OSCON 2011 was awesome. We'll be back in 2012. July 16-17-18-19-20.
We'll soon be on this list:
Webinar 2012 07 is normally scheduled for July 19th so we maybe will change the webinar date (exceptionally)
(check the video on YouTube to see all the comments)
Beyond the booth, we'll be participating to several Birds of a Feather (BoF) sessions. Check the schedule at the conference, and you'll find a session about Tiki Wiki CMS Groupware, and another about Tiki Suite. We'll also participate to sessions about Wikis, CMSs, etc.
Table of contents
- Planning notes
- Tiki Wiki CMS Groupware - Software made the Wiki Way
- Why your open source community should be even more open than it is
- In answer to the perennial question: How exactly do you make money being an open source business?
- Looking beyond the product: Community aspects in the selection of open source software
- Enabling Collaboration Using Open Source Enterprise Social Software
- Related links
- propose a session/lighting talk
- propose a BOF
- Flat screen and PC for demoing Tiki (Pascal)
- Banner Stand (Marc)
- promo sheets (Marc)
- Leaflet about suite.tiki.org
- 7"x44" poster as the booth identification sign (if we want to replace the non-branded one)
- A business-card type thing that we can give out all over the place (with booth number?)
- Estimated attendance: 2,500–3,000
Who is planning to attend?
- Mark Laporte
- Greg Martin
The submissions were not accepted[+]
Session type: 40 minute presentation
Tags: wiki, tiki, tikiwiki, cms, wiki way, community, php, software development model, crowdsourcing
Audience level: Intermediate
(brief overview for marketing purposes, max. length 400 characters—about 65 words)
Tiki is an all-in-one PHP application with an open community
- Treating the code itself like a wiki
- With 500 accounts on SourceForge.net with full commit access to the full code base (1M LOC)
What could possibly go wrong?
Come discover how Tiki has become the Open Source Web Application with the most built-in features (no plugins) and how you can make your own project more collaborative
We all know of Wikipedia, which applies the "Wiki Way" to produce a free body of knowledge. This has led, in a very short period, to the biggest project of its kind.
What happens if you use the "Wiki Way" to build software & organize a community? Answer: Tiki, The Open Source Web Application with the most built-in features. How? The Tiki model (tiki.org/Model) has a "Wiki Way" approach to the whole project (code, content, community, etc.). Here are base principles:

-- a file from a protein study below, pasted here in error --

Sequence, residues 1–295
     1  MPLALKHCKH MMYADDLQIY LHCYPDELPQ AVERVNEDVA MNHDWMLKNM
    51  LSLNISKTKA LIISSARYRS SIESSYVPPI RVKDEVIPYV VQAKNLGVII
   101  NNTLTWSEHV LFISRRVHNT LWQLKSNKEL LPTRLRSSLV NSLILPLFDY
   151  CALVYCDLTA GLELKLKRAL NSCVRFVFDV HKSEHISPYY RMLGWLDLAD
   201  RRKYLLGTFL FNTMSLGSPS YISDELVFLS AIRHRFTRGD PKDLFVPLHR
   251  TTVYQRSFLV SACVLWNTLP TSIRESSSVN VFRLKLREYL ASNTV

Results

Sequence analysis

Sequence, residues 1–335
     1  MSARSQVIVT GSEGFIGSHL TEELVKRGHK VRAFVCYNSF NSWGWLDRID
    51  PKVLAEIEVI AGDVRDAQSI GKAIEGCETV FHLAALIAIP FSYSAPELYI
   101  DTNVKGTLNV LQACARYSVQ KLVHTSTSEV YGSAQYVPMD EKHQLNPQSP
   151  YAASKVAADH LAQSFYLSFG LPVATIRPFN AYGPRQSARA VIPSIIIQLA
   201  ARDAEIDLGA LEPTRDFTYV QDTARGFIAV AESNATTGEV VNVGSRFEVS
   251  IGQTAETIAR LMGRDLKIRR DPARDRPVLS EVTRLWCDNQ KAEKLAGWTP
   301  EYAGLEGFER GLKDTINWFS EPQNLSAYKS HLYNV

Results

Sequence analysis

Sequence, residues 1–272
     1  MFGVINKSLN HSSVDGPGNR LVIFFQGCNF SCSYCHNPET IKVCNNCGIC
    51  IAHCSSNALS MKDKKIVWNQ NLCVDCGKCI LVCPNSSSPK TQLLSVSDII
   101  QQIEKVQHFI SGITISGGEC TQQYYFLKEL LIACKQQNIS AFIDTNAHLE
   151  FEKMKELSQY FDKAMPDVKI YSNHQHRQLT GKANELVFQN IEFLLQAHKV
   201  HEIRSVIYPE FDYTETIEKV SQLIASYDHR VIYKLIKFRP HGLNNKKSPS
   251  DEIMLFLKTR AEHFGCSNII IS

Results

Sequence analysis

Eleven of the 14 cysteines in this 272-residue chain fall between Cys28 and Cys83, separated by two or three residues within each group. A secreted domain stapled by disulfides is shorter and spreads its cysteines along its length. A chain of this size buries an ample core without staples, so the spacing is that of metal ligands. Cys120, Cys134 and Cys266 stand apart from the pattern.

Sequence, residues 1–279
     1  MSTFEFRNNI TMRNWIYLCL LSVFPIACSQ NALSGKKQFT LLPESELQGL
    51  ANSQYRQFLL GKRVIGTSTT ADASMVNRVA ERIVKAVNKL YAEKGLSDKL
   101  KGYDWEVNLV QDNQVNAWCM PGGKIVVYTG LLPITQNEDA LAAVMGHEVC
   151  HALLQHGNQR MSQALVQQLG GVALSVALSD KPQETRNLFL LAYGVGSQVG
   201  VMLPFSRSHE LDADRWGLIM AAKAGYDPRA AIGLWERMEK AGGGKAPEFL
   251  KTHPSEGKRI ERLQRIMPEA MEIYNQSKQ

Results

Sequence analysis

- Wiki community & open source
- "Wiki way" participation to the code
- 500 contributors with direct commit access to the whole code base.
- All-in-one codebase
- Inherent synchronized releases (to avoid core vs plugin dependency issues)
- Lots of features, but no duplication
- Dogfood (A community recursively building a community management system)
- Scheduled releases (two major releases per year)
Through the example of the 9 years of the Tiki community, learn about trials and errors, how collaborative communities work and the pros & cons of various community and software development models. Learn about the unique benefits and challenges of the all-in-one model, and how it contrasts to the traditional wisdom of making software.
Tiki Wiki CMS Groupware is a full-featured, web-based, multilingual (40+ languages), tightly integrated, all-in-one Wiki+CMS+Groupware, Free Source Software (GNU/LGPL), using PHP, MySQL, Zend Framework, jQuery and Smarty. Tiki can be used to create all kinds of Web applications, sites, portals, knowledge base, intranets, and extranets. It is actively developed by a very large international community. Highly configurable and modular, all features are optional and administered via a web-based interface.
Tiki goes way beyond just wiki pages and offers collaboration through spreadsheets, image annotations, databases (trackers), etc, and integrates with other open source projects such as BigBlueButton (Audio/Video/Screensharing/Chat) and Kaltura (Collaborative video editing).
(Any other information you wish the organizer to know? If you are proposing a workshop, please tell us what type of learning experience you have in mind (hands-on, demo, etc.). If you selected “Other” in the Session type field, please provide more details here.)
In case you don't know Tiki, a few extra links:
A Process That Is Not: http://www.computer.org/portal/web/csdl/abs/html/mags/so/2009/06/mso2009060004.htm
Tiki is the Top-20 Open Source CMS Market Share Report in 2011 (in 2010, 2009 and 2008 as well)
I have presented Tiki at most of the big OS events (Fosdem, FISL, etc.) We were there in 2011 with a booth, and intend to have a booth once again in 2012. Here is an interview at our booth: http://www.youtube.com/watch?v=Vh6QOp0g1o8
As of now, we "only" have 498 accounts with commit access:
but by the time the conference rolls around, we'll be over 500
This is one of the largest open-source teams in the world, and is in the top 2% of all project teams on Ohloh.